Pastor’s wife problems: Getting slapped on the behind after your husband’s sermon while the congregant calls out, “Good message from Kris today”. Almost like “good game” after a sporting event. Woman pastor’s problems: Getting grabbed by the face after your sermon and pulled nose-to-nose with a congregant while she gruffly declares, “I don’t believe in […]
My siblings and I were setting the table when we heard an echo from the kitchen. “Honey, please put down that chain saw and come in; dinner is getting cold.” It was a typical weekend growing up in our home. My dad joyfully spent the day in the kitchen preparing us an amazing meal while […]
As I listened to the pastor of my new church describe the insults and attacks he and the elders had endured after they made the decision to invite women onto the elder board, a weight lifted off my soul.
For the first time in my life, I discovered what it felt like to have male leadership take the hit for me.
Prior to this, only one or two individual men had heralded my gifts. Finally I knew what it meant to be part of a church body where I did not need to keep my mouth shut or squirm in my seat or disagree in silence whenever issues regarding women were addressed. Because that is my world for the most part.
While my own position concerning the role of women in the church has gradually changed, my work environment has not.
I should have realized it long ago; I should have recognized the signs.
But I didn’t. I suppose I was so lost in my own ideas that I didn’t notice. My husband and I were both raised in complementarian or patriarchal homes. Both of us were taught that the man was the head of the home, the priest and leader of the family, and that the woman was to submit to his leadership. He was wise to take her counsel, but the ultimate decision lay with him. He, as the man, made the final decision. And the wife submitted.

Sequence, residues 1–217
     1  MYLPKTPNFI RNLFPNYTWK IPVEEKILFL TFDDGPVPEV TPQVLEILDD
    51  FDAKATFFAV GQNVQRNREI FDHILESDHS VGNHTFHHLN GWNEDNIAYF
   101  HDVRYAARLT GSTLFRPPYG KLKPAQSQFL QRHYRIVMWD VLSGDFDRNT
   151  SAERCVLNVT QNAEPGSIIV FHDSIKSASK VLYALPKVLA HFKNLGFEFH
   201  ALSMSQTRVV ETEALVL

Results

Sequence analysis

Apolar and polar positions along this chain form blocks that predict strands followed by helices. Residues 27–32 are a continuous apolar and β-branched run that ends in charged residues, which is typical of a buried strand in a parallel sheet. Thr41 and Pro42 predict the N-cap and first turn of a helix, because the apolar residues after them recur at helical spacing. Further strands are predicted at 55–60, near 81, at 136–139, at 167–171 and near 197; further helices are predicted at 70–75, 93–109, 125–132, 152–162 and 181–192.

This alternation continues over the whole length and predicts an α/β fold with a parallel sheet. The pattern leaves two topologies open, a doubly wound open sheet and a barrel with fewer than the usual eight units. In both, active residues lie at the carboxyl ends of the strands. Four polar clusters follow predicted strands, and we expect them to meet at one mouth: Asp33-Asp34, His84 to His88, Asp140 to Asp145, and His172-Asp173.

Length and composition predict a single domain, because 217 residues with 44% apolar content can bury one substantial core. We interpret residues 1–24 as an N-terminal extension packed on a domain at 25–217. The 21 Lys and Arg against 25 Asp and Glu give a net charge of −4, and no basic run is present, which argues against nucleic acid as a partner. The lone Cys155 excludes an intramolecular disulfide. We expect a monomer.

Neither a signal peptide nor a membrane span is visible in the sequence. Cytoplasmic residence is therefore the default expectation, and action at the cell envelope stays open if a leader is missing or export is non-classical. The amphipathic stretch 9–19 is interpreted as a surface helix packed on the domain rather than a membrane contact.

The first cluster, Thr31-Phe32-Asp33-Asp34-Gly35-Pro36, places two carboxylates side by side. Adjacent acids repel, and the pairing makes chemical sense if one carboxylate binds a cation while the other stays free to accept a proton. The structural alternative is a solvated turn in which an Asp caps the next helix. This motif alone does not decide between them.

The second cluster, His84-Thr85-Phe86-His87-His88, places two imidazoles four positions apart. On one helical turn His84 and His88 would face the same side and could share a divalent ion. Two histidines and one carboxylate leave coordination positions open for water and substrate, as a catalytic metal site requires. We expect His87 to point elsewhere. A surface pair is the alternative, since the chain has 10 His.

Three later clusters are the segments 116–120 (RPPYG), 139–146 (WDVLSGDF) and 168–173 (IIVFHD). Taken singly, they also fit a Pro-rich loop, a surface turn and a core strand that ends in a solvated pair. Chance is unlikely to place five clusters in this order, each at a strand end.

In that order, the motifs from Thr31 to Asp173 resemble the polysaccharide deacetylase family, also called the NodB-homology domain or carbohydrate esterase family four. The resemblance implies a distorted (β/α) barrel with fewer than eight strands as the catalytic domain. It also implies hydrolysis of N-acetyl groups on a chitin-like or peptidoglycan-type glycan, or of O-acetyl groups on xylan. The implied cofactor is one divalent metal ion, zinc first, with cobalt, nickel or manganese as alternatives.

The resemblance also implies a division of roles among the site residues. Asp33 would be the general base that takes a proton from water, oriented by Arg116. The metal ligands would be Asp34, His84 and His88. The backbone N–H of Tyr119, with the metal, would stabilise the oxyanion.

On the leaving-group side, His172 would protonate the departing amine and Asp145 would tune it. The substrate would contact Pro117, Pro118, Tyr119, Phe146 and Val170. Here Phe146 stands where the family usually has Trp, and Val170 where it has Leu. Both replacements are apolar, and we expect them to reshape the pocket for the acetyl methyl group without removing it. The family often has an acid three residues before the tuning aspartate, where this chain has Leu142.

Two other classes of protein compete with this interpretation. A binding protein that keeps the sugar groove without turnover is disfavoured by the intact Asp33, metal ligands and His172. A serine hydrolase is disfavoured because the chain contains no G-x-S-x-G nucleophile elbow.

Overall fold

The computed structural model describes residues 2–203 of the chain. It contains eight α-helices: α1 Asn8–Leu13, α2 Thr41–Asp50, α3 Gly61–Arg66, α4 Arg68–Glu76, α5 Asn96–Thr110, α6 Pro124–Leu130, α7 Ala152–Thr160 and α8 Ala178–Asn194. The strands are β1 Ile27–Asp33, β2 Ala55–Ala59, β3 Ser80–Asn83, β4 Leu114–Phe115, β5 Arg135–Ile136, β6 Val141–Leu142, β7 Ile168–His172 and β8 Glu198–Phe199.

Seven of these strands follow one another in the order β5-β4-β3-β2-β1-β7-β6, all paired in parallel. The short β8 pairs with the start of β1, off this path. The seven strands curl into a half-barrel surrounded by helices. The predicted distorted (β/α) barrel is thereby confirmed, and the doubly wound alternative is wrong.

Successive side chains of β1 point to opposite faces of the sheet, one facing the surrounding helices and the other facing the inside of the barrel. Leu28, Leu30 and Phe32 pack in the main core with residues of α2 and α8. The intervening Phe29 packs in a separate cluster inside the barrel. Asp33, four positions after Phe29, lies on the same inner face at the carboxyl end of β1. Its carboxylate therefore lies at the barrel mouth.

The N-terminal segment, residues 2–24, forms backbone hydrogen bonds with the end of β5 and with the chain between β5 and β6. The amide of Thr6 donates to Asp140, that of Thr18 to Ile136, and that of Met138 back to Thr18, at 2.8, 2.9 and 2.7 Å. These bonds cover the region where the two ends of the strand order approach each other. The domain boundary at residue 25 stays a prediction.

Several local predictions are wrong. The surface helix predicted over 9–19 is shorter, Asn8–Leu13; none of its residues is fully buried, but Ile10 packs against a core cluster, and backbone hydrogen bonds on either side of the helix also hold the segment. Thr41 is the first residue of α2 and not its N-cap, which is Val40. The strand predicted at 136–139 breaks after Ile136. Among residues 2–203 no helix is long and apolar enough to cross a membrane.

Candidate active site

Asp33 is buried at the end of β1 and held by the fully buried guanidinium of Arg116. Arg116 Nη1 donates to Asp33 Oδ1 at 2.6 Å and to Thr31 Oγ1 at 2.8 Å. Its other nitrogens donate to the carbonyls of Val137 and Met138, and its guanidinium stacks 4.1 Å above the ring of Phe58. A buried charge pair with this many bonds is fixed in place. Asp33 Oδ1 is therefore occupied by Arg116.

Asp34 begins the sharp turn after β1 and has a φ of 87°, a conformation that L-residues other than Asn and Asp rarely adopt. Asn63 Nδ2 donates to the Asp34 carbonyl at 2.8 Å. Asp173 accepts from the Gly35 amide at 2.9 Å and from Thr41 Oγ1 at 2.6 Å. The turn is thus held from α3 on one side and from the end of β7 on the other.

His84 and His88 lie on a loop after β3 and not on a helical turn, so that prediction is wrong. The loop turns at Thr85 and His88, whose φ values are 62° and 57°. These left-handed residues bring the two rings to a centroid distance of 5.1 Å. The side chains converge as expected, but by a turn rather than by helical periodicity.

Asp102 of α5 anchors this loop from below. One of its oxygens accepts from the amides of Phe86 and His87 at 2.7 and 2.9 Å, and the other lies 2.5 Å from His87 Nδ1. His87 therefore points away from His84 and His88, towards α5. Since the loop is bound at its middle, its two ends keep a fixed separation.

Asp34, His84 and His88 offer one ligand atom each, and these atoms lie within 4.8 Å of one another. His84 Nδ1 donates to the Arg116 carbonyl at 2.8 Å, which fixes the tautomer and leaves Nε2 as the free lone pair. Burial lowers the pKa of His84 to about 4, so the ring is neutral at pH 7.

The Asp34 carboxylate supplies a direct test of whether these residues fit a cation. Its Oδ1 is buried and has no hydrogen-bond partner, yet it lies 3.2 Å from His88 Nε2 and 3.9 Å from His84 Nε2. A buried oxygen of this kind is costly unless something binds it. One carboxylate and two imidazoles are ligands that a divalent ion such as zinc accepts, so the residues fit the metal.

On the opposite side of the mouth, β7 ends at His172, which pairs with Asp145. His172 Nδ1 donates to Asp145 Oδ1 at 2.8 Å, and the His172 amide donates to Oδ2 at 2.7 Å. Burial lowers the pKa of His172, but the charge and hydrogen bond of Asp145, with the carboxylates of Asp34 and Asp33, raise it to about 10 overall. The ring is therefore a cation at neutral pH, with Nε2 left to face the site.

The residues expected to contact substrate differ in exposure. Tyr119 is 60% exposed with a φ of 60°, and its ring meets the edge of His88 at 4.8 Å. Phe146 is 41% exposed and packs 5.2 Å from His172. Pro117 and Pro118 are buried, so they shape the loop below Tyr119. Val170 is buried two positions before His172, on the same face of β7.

Soon after our 8th anniversary, we began homeschooling our children. The homeschooling community is, by and large, staunchly patriarchal. I threw myself into the whole scene. Women were to be raised to be keepers at home; there would be no careers for my daughters. I still remember my 5 year old daughter throwing herself on the couch in tears when she realized I didn’t support her desire to become a doctor.
I was a freshman in college and I believed that I needed to take the backseat of Christianity.
I was headed to Columbia, Missouri with some peers to do homeless ministry. People were piling into cars, and it came down to who was getting shot gun. Without a fight, I took the backseat. I told one of my peers: “I will take the back seat, I guess I am going to have to get used to this submission thing.” Defeated, I quietly slid into the back seat.
Learning to be an advocate for women is difficult when you have to unlearn years of a complementarian mentality, male privilege and the effect of centuries of patriarchy.
But I believe this is what we are called to pursue.
This has been my journey. Sometimes I think it has been difficult, but what is more difficult is seeing how women are being oppressed. Every man needs to face the messiness of what it means to be egalitarian, regardless of how uncomfortable or challenging it may be.
While at times I identify myself as egalitarian, sometimes it is more useful to say I’m a recovering sexist/complementarian/patriarchist. This reminds me I’m always on a journey in pursuing equality – not only because it means liberation for women from oppressive structures, but also because it means liberation for me.
So here I share a few things I have learned in my journey about being an advocate for women.
I recently had a conversation with a good friend. As we were talking, I shared some frustrations I had surrounding ways that many husbands live out headship and their perceived authority in marriage. My friend is in his sixties, he’s a “PK” (pastor’s kid), and a good guy who has loved God his entire life. He’s a husband, dad, grandpa, and successful in his career.
As we talked, he paused and declared; “Tim, you talk so much about equality/inequality, authority, submission, hierarchy, and headship.